Today's #smb #eta post is about Reps and Warranties, which play an important role in the final stages of an SMB #acquisition. I see a lot of content here about the search and diligence parts of the process and less about what happens when you're ready to close. Here we go:
1) R&Ws are formal statements or promises made by the seller to the buyer about the status of the business. “Representations” offer a snapshot of the business’s condition at the moment of closing the deal, while “Warranties” are forward-looking promises, safeguarding the buyer against potential post-acquisition issues.
2) R&Ws can include statements about:
- - The condition of the business’s assets
- Its financial health
- Its legal standing
3) These are vital assertions and assumptions upon which the purchase of the business relies.
4) R&Ws play an important role at two stages of the acquisition process: Pre-Closing, enabling a buyer to reassess or withdraw from closing the deal if inaccuracies or breaches are discovered; and Post-Closure: allowing them to seek compensatory damages from the seller if a misrepresentation or unfulfilled promise is found.
5) In cases of a breach in R&Ws, the seller is typically required to indemnify the buyer, effectively bearing the financial burden of the breach. These situations could range from pending lawsuits based on pre-acquisition actions to unexpected tax liabilities from past missteps.
6) A common practice is to retain a percentage of the purchase price in an escrow account for a specified duration to offset potential breaches.
7) The indemnification cap is also important in this context. It determines the maximum amount that a buyer can claim from the seller in the event of a breach. For instance, should a breach result in $750K of damages but the indemnification cap is set at $500K, the buyer can only seek compensation up to the cap limit.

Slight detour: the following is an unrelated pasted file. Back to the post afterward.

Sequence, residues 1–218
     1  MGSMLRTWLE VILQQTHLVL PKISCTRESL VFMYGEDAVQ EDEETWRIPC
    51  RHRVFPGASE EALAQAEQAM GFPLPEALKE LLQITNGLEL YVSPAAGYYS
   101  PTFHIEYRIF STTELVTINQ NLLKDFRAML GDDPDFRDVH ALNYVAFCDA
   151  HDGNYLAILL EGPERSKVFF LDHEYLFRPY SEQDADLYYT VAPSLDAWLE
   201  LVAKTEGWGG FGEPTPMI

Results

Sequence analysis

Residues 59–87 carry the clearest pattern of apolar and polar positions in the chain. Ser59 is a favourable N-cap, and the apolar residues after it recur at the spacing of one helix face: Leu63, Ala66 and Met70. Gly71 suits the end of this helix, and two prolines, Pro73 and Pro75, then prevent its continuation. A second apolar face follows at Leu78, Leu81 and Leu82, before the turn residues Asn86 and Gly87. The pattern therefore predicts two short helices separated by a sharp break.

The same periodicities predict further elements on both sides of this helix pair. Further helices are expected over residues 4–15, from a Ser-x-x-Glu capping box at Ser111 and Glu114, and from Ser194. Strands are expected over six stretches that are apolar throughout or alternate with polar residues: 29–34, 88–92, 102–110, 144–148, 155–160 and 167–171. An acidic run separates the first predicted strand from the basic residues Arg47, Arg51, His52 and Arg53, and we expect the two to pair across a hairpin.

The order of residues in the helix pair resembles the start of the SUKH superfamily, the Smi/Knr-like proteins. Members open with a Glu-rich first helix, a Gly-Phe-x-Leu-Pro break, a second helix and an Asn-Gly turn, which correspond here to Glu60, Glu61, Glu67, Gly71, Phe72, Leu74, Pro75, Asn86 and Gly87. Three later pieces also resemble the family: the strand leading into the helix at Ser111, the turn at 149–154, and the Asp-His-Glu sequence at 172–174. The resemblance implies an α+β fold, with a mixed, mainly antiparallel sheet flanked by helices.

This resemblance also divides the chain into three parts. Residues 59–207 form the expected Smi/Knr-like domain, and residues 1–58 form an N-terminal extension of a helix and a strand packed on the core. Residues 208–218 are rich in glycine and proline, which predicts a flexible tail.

8) To protect the seller from small claims related to normal business activity, reps and warranties typically include a deductible mechanism (a standard deductible ranges from 0.5% to 1.0% of the purchase price). Claims below this amount are the responsibility of the buyer.
9) R&Ws are more complex with larger and more complex business acquisitions. Experienced attorneys are invaluable in creating efficient R&Ws, as they can strike a balance between necessary protections and not overwhelming the seller.
10) Reps and Warranties Insurance (RWI) is becoming increasingly common in small business M&A transactions. It brings a new dynamic to business acquisitions by reducing the need for escrow accounts and decreasing risks and liabilities for all parties involved.
Overall, R&Ws are more than just contractual obligations. They are strategic tools for risk allocation, serving as the safety net in buying a small business. When carefully crafted, they offer substantial protection for both parties, ensuring a smooth transaction process and successful post-acquisition integration.